Now, concerts are moving into the virtual space, with popular game Fortnite set to host an EDM gig by celebrated DJ Marshmello inside Fortnite Battle Royale on Saturday, February 2. For non-Marshmello fans, his collaboration with Bastille, Happier, was number one on the Billboard electronic songs chart for over 18 weeks recently.
Information has been leaking about the event for the past few days. So far, we know it will begin at 7pm GMT (2pm EST) and will take place in Pleasant Park on the Fortnite map.
If you want to get into the gig spirit, there will be a comestic bundle featuring a Marshmello skin, pickaxe and spray, up for purchase.
As well, new animations for dancing and jumping have been leaked too – presumably, the new shapes you can throw at the gig v buck generator 2019.
It’s really interesting that Fortnite is partnering with such a huge musician like Marshmello to throw an in-game concert, the first of its kind. Yet, it speaks to the many different ways that people are gaming online now.
Whilst a lot of the headlines around Fortnite will talk about its addictive, sadistic nature, which forces you to kill people, this doesn’t mean that all the 80 million people playing the game monthly will be following this line. According to a popular Medium post published last August, a lot of young gamers use Fortnite as a way to hang out with their friends, digitally instead of in person.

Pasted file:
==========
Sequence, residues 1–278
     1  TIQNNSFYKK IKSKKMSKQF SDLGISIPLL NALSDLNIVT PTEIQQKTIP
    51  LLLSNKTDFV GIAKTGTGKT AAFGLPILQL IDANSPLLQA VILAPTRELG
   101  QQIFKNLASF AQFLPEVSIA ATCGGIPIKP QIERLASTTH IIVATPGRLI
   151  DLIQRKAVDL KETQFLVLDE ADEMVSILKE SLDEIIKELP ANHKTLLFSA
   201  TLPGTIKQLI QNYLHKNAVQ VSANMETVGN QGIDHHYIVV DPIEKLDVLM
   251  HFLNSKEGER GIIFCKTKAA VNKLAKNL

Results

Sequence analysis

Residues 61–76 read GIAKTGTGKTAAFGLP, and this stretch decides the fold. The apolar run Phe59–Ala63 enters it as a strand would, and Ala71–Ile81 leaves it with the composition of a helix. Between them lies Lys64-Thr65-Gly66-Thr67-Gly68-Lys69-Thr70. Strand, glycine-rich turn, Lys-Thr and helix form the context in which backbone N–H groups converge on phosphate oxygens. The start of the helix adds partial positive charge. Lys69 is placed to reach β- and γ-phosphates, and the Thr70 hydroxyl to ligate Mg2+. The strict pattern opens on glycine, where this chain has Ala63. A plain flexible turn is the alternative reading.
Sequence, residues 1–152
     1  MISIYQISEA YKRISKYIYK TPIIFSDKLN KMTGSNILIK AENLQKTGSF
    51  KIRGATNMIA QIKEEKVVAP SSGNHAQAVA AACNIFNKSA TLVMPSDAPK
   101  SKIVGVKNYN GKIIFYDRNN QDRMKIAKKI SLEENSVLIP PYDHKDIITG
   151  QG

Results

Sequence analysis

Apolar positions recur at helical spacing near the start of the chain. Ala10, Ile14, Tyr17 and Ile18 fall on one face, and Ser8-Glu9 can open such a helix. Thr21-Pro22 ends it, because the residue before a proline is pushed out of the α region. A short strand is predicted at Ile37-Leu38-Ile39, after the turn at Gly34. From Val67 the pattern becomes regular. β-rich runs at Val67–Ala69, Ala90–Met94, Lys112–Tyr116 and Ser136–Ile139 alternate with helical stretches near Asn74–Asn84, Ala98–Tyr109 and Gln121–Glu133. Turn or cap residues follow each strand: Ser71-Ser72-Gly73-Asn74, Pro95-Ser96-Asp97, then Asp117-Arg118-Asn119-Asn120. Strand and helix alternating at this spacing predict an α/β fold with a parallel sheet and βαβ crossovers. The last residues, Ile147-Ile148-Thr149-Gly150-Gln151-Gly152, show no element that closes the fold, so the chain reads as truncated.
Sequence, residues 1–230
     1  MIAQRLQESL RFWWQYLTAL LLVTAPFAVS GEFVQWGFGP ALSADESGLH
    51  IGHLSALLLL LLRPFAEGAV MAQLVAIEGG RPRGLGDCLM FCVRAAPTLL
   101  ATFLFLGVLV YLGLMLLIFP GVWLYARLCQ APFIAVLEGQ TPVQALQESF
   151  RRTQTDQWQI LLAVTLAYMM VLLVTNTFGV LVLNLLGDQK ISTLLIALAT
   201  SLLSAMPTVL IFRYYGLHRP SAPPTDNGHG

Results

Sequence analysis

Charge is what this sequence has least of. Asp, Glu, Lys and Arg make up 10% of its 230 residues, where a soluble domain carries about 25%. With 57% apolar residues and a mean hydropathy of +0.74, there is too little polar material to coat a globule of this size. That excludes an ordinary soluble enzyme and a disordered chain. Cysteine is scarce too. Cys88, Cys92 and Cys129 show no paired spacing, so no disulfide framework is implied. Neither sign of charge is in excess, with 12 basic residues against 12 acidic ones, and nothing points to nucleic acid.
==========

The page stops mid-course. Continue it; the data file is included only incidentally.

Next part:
As journalist and author Keith Stuart wrote: “For my sons and a lot of kids their age, Fortnite is not a game they play, it’s a place they go — and, importantly, it’s a place they go with friends and not with Mom and Dad. It’s fulfilling the same development role as those illicit teen spaces from the 1970s and ’80s — those dodgy youth clubs, arcades, and video stores that we discovered unchaperoned.”
Holding a concert that people can attend is just another extension of this ideal for Fortnite, that it’s a place people are spending time with one another, albeit just not IRL.
This is emblematic of how young people conduct their time now. According to a recent report by Ofcom, children in the UK (aged five to 15) are swapping TV for YouTube and Netflix, with those aged 12-15 reporting they prefer to watch YouTube than a standard old TV.
This is the generation that is growing up on the internet so it makes sense that that’s where they choose to spend their time.